discussions in Parliament the extension of the railway system through-
out Great Britain, the continent of Europe, and North America
have convinced even the most prejudiced that railway communication
is the most rapid, safe, and economical that human ingenuity has yet
devised. This species of enterprise no longer appears to the public
as chimerical or too much in advance of the age to be worthy of
serious trial ; but merchants, manufacturers, wholesale dealers, traders,
and farmers are all becoming supporters of railway locomotion and
shareholders in existing or projected lines." In the construction of


English railways it was argued "every shilling expended is a national
advantage. Not only does no capital leave the country, but no
money is locked up or sunk, as many foolish speakers and writers
have asserted. At the worst it is only a transfer of capital that can
be complained of; but that is not a national evil, for, like Lord
Bacon said truly, money was like muck, and did no good till it was
spread. Seeing the large amount of capital required to construct
the projected railways, many persons have said, ' Where is all the
money to come from?' But these and double the number could be
made with the greatest ease without the least addition to the circulating
medium of the country. When a Railway Act is obtained, the money
is not all wanted immediately, and therefore a surplus capital of a few
millions would suffice to intersect Great Britain with railways and to
supersede every common road. A manufacturer, for instance, holds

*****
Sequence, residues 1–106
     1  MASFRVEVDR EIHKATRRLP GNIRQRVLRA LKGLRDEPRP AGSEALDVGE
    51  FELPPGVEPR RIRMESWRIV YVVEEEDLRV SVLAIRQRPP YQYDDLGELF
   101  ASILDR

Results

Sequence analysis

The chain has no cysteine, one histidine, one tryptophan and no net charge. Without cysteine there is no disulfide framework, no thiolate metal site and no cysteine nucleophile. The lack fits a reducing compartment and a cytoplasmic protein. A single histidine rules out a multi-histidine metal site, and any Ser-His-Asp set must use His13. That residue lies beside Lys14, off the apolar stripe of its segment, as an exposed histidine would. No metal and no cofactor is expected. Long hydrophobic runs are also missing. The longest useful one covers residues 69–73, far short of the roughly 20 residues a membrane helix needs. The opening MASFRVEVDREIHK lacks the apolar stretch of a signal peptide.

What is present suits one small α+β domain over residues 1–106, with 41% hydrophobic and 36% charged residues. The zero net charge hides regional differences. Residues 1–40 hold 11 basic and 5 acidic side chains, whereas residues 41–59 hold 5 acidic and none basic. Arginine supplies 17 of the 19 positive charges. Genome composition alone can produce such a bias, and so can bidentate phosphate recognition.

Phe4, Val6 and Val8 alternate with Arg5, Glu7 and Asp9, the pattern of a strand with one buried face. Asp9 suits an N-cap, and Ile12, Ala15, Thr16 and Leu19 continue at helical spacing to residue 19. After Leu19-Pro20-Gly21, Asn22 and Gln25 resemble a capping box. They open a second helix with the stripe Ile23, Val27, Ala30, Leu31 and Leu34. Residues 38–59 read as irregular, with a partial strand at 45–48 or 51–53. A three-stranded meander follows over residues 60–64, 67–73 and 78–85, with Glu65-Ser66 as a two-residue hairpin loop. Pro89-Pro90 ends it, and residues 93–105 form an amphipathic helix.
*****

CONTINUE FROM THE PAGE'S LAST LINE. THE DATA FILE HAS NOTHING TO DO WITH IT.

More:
fifty shares in a new railway, and pays a call of 2 per share at
intervals of three months. When the call is paid up by all the
shareholders the directors disburse the amount for labour and con-
struction, which is again expended by the labourers for food and
raiment with the shopkeeper, who is thereby enabled to hand back
the amount in payment to the manufacturer, probably in time for the
next call ; and thus it goes on till the entire line is completed, during
which operation not one shilling capital is abstracted or lost to the
country. That some idea may be formed of the immense stimulus
the trade of the country would derive from the formation of these
public works, it is only necessary to state that were 2,000 miles of
the projected railways to be constructed it would give employment
to 500,000 labourers and 40,000 horses for the next four years. The
necessary buildings, sheds, and permanent way would cover 20,000
acres of land; and to lay a double line of rails would require
400,000 tons of iron." The Times, on Monday, November iyth, 1845,
printed a supplement containing a tabular statement of the "Railway
Interest of the United Kingdom," and which occupied five pages of
the paper. These made a total of " 1,263 railway companies, requiring
for construction a capital of ^5 6 3, 000,000." The Times, commenting
on this state of affairs, declared that this was a fact without a parallel
in the history of the world. "A widespread mania of rich and poor,
of idle and busy, an unprecedented mass of speculation, not the folly
or wickedness of a few, but the act of the entire nation." The huge
expenditure of the period was described as "capital sunk in earth-
works." In 1844 Railway Acts were passed for the construction of
2,841 miles of railway, and a very cautious estimate of the capital
expended and projected in 1845 is given in the following:



Capital expended in lines open . ... 70,327,264

Capital required for railways in course of construction 61,930,020
Capital required for English projected railways . . 427,720,000
Capital required for Irish projected railways . . 42,910,000
Capital required for projected foreign railways . . 98,223,333
Capital required for projected Colonial railways . . 29,775,000

Total . . 730,885,617

This table does not include new branches, deviations, and con-
necting links then proposed, and which, if carried into effect, would
have added at least a further sum of ^30,000,000 to the total.

The alarm created by the opponents of these schemes was such